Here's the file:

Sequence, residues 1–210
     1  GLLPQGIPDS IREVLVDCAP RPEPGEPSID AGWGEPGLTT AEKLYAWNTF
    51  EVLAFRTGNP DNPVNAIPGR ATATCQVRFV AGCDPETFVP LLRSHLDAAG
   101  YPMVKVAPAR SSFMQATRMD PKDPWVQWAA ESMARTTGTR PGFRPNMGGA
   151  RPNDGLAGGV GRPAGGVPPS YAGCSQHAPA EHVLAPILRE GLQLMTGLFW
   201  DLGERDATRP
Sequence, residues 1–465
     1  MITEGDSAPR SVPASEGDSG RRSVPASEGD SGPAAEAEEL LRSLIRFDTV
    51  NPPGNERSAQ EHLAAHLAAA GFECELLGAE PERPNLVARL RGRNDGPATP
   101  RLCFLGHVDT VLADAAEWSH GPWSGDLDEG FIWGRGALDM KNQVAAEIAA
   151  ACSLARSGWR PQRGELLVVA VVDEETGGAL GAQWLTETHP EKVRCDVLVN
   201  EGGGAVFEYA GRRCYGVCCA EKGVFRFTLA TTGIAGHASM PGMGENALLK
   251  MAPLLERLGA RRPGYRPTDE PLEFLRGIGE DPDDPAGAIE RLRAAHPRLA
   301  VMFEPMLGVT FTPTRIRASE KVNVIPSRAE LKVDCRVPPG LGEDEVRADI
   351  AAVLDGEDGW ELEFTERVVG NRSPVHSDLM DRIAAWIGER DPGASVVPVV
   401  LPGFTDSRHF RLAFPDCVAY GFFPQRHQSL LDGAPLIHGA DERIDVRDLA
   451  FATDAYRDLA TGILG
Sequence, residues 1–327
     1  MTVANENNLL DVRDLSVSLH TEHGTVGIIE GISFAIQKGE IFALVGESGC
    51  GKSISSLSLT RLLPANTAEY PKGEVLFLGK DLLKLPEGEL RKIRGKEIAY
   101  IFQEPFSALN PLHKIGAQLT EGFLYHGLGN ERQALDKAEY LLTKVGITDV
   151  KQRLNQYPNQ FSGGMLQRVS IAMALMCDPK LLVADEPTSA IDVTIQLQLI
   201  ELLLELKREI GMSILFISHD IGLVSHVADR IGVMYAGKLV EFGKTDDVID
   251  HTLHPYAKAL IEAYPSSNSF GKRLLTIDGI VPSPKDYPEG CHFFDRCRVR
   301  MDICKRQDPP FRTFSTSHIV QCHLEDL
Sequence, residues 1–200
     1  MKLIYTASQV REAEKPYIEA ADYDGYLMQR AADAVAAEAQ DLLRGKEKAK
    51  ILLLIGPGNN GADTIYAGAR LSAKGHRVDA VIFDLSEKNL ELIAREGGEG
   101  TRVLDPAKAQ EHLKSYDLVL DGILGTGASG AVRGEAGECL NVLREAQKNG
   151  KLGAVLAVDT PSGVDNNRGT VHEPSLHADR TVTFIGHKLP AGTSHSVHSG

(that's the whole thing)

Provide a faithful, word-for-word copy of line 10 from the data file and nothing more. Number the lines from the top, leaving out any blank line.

   101  RLCFLGHVDT VLADAAEWSH GPWSGDLDEG FIWGRGALDM KNQVAAEIAA